Monday, June 21, 2004

Cracking set from Dylan saves the day

Report from the Finsbury Park Fleadh 2004

Downpours, no big screens, tiresome American rehash acts, pasty-faced lager louts urinating where they stood in the crowd and then milling around in their own piss afterwards, tickets a rip-off - nearly £40 each and £12 added by Ticketmaster on ordering - fuck them, bastardos.

Counting Crows didn't go down very well with the parts of the crowd near to your reporter. "Counting Sheep" would be a better name for them, they thought. At one point the singer said "We're tired" and a proportion of the audience replied, "So are we." I thought they were not three bad, very lively towards the end.

The wonderful John Prine appeared on the smaller stage in a covered area, during a downpour, so the entire crowd tried to cram in. He said that Bush had forced him to revive his old protest songs, which he had put away in a drawer somewhere.

A fairly objective intro announced the mythic Bob Dylan, recapping his career including the doldrums. He was on keyboards for the whole session. All his effort was needed to get his croaky voice to perform. "Not Dark Yet" was perfectly timed to the setting sun, and sounded wonderful. I thought it was "Shooting Star" at first. I never rated "Not Dark Yet" till I heard this performance.

I heard somebody in the crowd say, "It's taken him forty years, but he finally got the voice right." The same person said, "He's done one of mine--Desolation Row." I hadn't realised that Dylan had stolen that song from somebody in Finsbury Park.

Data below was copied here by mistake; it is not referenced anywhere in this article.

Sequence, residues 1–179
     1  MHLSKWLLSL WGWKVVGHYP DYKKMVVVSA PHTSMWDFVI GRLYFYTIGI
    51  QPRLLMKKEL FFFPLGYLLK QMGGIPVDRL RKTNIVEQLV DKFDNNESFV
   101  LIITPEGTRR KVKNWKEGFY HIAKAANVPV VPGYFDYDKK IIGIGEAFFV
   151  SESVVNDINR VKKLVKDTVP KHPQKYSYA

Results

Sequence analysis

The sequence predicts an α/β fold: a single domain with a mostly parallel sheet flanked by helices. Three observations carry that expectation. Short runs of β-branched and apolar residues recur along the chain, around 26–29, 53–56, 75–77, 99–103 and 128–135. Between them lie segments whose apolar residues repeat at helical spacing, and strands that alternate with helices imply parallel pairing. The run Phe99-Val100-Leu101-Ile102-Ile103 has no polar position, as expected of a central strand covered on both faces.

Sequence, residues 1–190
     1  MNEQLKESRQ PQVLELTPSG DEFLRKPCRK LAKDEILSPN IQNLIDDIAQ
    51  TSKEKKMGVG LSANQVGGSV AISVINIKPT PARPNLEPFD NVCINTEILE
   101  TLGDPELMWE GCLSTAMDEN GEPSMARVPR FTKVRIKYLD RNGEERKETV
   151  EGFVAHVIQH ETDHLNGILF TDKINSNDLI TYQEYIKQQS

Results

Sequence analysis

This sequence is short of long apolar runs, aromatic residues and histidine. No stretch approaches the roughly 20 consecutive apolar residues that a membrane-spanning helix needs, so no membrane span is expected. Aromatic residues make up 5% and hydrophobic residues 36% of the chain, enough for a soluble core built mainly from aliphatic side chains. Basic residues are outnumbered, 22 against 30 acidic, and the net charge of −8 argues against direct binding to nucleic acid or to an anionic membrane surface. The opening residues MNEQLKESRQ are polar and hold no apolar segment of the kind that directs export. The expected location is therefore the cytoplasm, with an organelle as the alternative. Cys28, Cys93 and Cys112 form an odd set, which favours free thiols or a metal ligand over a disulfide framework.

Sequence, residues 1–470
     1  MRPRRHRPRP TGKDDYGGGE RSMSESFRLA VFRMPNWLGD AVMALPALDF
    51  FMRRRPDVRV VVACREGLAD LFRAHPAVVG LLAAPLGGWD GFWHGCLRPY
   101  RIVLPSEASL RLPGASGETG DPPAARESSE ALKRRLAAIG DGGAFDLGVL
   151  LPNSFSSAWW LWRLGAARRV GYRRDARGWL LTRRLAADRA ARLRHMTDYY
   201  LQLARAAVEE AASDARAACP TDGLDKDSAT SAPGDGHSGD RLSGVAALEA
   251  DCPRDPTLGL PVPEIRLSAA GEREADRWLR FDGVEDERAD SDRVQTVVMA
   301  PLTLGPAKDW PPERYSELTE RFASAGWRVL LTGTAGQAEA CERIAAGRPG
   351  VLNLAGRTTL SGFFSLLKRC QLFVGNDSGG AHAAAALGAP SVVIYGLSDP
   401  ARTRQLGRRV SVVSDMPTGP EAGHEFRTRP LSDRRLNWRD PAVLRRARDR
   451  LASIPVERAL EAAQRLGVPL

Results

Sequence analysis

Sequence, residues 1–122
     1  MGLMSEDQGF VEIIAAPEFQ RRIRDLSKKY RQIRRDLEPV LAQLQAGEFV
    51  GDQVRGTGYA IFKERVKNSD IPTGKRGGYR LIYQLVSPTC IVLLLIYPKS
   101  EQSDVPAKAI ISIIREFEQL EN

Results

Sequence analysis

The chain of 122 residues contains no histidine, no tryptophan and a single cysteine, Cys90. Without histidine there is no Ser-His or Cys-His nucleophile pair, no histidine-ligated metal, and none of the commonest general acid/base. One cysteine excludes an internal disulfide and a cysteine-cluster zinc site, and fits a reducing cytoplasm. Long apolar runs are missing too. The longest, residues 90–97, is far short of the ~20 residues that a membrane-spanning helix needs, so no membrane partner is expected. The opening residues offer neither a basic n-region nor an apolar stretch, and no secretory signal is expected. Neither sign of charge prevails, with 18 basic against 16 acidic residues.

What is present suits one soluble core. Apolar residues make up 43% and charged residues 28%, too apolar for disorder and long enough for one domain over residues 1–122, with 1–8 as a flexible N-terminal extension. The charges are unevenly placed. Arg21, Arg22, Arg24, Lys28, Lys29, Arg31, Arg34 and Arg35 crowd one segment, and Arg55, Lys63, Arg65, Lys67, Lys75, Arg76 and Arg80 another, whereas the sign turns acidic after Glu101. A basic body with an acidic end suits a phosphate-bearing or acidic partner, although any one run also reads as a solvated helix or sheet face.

What I thought was some sort of homo-erotic foreplay, I was later informed was something called "blowback". A long-haired rent-boy looking debauchee put a joint, lighted side first, into his mouth and proferred the other end to his companion, a wrinkly, long-coated old rocker, who sucked on it. It's supposed to be "an amazing hit" due to some mystical turbo-charging process, but probably more to do with the recherché thrill of appearing to kiss some geezer.

It was worth suffering the indignities of the day for the session by the Maestro alone. His set list is up at Bob Ronnie Wood joined the band for the encore, appropriately "Like a Rolling Stone." Great 8 p.m. to 10:30 p.m - shame about the dismal day leading up to it.

Feargal Mooney

1 comment:

Comments 2003-2004 said...


Great review, thanks. Shame you weren't there earlier, Billy Bragg did a great set in his usual no nonsense style. Songs about the behaviour and true motivation of English football fans in Portugal and of course a new anti-war song (45 mins...yaeh right!) interspersed with monolouges championing the 4 day week and other amusing stories. Christie Moore impressed aswell, as always.

Post by : Phil ( / )


Cheers. Missed Billy Bragg and just caught the end of Christy Moore (another frustration on the day - I'm a big fan of his).

Every bone in my body was aching or, more correctly, every joint after the day. I feel like doing what Bukowski said he had to do every now and then, to spend three days in bed in order to become myself again.

I walked into the Ticketmaster suckerpunch. There's probably some small print on their site, but I didn't notice it before I ordered a couple of tickets, thinking well they're expensive, but it's Bobby Dylan here so dig deep - and then the &*%^%s added another £12 on top without warning.

My pips are squeaking.

So are my hips.

Post by : Feargal ( / )